The ship’s main engine produces power to propel a mega-ship at sea. The power is generated inside the cylinder liner, where the fuel is compressed and burnt.
The power produced inside the cylinder is then transferred to the propeller via connecting rod and crankshaft.
No engine is 100% efficient and the ship engine will also have some waste energy while doing this work. This waste energy will be in the form of heat and exhaust.
The heat of the engine is taken care of by the jacket cooling system of the main engine, however, the exhaust produced by the engine needs to be drawn out to the heat recovery systems such as turbocharger and economiser, and eventually to the atmosphere.
This is done by fitting an exhaust valve.
The main engine of the ship, which is normally a Two-stroke crosshead marine engine, has a single exhaust valve per unit, mounted in the centre of the cylinder head.
Construction of the main engine exhaust valve
The exhaust valve of the marine diesel engine consists of
- Exhaust valve casing: The casing which is made of cast iron contains different components and driving arrangement for the exhaust valve. It also has jackets, through which, colling water passes for maintaining the valve temperature
- Valve and Spindle: The spindle is responsible to draw the exhaust gasses out from the engine cylinder when operated in an open and closed position. The spindle can be a molybdenum chrome alloy with a layer of stellite, welded onto the seating face, or alternatively, a heat resistant Nimonic alloy valve head, friction welded to an alloy steel shaft. The valve spindle is fitted with a winged valve rotator.
- Exhaust valve seat: The exhaust valve seat is a renewable valve seat which can be reconditioned or replaced in case of damage and is usually made from hardened molybdenum steel with stellite coating for good temperature resistant property
There is a spring air piston chamber which has an air supply connection
Hydraulic oil chamber and the operating piston is on the top of the valve spindle.
Operation of the main engine exhaust valve
The camshaft of the exhaust valve is connected to the crankshaft via chains or gears. Once the cam is in the cam profile, The hydraulic oil pump will overcome the spring force and the oil will be delivered to the exhaust valve at high pressure.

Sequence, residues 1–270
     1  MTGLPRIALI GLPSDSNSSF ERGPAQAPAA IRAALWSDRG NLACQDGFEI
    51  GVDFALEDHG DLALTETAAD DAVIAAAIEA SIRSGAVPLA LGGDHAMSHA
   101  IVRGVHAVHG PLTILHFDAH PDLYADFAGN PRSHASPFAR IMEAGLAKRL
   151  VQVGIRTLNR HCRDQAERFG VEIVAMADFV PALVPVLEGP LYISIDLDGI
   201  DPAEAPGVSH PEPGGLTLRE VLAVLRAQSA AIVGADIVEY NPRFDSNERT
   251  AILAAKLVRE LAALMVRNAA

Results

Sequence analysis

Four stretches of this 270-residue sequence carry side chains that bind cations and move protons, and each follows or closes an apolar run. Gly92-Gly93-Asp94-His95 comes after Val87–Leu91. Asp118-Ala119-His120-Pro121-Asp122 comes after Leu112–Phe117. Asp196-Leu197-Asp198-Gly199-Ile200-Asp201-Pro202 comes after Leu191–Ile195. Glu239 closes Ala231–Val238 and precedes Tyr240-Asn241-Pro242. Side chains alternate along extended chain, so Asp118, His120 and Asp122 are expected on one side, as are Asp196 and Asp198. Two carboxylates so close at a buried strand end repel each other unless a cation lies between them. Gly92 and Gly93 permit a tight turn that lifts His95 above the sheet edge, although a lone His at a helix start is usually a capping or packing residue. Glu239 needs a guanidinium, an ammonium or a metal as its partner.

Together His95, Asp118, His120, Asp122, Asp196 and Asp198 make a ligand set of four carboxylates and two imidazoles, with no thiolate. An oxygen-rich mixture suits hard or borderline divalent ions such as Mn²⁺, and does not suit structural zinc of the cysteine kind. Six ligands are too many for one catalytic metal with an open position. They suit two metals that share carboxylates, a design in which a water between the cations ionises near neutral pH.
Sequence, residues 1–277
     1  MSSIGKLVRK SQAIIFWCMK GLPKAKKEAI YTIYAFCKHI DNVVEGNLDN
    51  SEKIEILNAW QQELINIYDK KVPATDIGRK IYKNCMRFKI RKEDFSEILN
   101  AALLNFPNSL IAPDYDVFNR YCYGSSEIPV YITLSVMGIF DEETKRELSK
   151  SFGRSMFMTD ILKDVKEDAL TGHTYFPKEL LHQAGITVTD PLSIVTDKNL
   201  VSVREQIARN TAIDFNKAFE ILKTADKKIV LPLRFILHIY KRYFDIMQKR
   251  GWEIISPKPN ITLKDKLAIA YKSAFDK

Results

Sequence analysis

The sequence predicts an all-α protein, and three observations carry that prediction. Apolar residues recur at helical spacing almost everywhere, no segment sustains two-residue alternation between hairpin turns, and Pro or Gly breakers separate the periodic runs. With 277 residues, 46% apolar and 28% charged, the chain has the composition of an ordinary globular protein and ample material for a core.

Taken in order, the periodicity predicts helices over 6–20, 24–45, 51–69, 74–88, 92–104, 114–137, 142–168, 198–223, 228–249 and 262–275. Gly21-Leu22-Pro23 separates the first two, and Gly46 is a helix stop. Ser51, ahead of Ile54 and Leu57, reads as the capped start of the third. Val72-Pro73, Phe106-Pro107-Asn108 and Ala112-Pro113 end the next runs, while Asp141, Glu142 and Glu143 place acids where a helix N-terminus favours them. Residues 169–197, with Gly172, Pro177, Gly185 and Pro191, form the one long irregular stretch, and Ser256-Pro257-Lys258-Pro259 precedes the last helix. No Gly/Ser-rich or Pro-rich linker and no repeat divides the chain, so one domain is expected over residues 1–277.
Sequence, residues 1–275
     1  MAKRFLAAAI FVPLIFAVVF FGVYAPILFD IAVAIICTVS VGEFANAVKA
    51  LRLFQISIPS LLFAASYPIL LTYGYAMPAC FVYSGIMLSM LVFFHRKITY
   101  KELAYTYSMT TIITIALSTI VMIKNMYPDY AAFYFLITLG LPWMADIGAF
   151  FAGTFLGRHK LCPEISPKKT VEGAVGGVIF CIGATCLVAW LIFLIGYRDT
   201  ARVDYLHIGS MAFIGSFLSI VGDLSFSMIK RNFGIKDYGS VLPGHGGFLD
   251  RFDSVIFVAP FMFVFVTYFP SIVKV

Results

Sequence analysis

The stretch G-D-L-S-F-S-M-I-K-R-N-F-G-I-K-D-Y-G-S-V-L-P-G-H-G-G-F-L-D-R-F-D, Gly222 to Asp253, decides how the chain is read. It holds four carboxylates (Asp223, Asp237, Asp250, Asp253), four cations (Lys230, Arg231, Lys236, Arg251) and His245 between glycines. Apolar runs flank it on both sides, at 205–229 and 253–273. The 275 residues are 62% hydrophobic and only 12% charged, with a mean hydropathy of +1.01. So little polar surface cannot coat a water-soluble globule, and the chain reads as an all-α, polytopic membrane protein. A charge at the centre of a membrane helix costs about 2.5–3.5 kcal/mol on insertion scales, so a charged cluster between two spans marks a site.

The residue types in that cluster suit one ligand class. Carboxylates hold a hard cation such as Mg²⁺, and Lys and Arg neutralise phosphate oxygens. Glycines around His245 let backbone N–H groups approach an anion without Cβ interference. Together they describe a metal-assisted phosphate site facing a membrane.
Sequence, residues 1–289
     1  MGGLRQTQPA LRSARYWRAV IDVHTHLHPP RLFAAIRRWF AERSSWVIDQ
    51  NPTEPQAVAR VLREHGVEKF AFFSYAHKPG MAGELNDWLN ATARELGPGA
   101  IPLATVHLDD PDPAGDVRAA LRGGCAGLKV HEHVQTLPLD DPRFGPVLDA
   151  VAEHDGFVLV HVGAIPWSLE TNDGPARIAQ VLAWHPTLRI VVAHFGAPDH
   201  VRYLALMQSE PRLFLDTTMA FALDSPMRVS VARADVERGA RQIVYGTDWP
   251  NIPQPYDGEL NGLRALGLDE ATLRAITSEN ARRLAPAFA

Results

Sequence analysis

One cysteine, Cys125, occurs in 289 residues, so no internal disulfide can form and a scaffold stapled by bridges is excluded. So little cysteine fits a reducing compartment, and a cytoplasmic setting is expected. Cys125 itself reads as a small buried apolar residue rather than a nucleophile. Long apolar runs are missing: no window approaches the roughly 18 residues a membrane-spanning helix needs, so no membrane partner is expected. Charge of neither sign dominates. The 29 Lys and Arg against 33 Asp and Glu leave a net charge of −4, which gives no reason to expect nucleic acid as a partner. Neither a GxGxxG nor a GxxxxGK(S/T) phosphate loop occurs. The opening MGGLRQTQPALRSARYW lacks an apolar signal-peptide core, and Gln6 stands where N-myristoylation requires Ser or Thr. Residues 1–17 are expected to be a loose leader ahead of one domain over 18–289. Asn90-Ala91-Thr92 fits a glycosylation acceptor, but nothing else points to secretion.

The pressure at which the hydraulic oil operates the exhaust valve can go up to 220 bars.
As the hydraulic oil pushes the operating piston, which is connected to the valve spindle, the valve will move down and allow the exhaust inside the cylinder to flow out of the engine to exhaust trunk.
The kinetic energy in the exhaust gas rotates the valve because of winged valve rotator, which keeps the valve at an even temperature and helps reduce the build-up of deposits on the valve seat.
Once the hydraulic oil pump roller comes off the cam profile, into the cam circle, the spring pressure will cut the supply of the hydraulic oil.
Now the air supply, under the spring air piston, will close the valve and seal it with the valve seat, stopping the flow of the exhaust out of the cylinder. The air pressure is approx 7 bar to close the valve.
The oil remaining in the hydraulic oil chamber is taken out from the drain valve when the valve is closing due to air pressure.
A damping arrangement on top of the piston in the exhaust valve prevents hammering of the valve seating.
In most of the modern engine, air pressure is used to close the valve. However, in some old engines, spring was used instead of air pressure to close the valve.
The overhauling period of Main engine exhaust valve depends on the maker and type of exhaust valve.
However, in the modern marine engine, the interval can go up to 36000 hours; post that, the valve will need an overhaul.
Watch the video below:
An ardent sailor and a techie, Anish Wankhede has voyaged on a number of ships as a marine engineer officer. He loves multitasking, networking, and troubleshooting. He is the one behind the unique creativity and aesthetics at Marine Insight.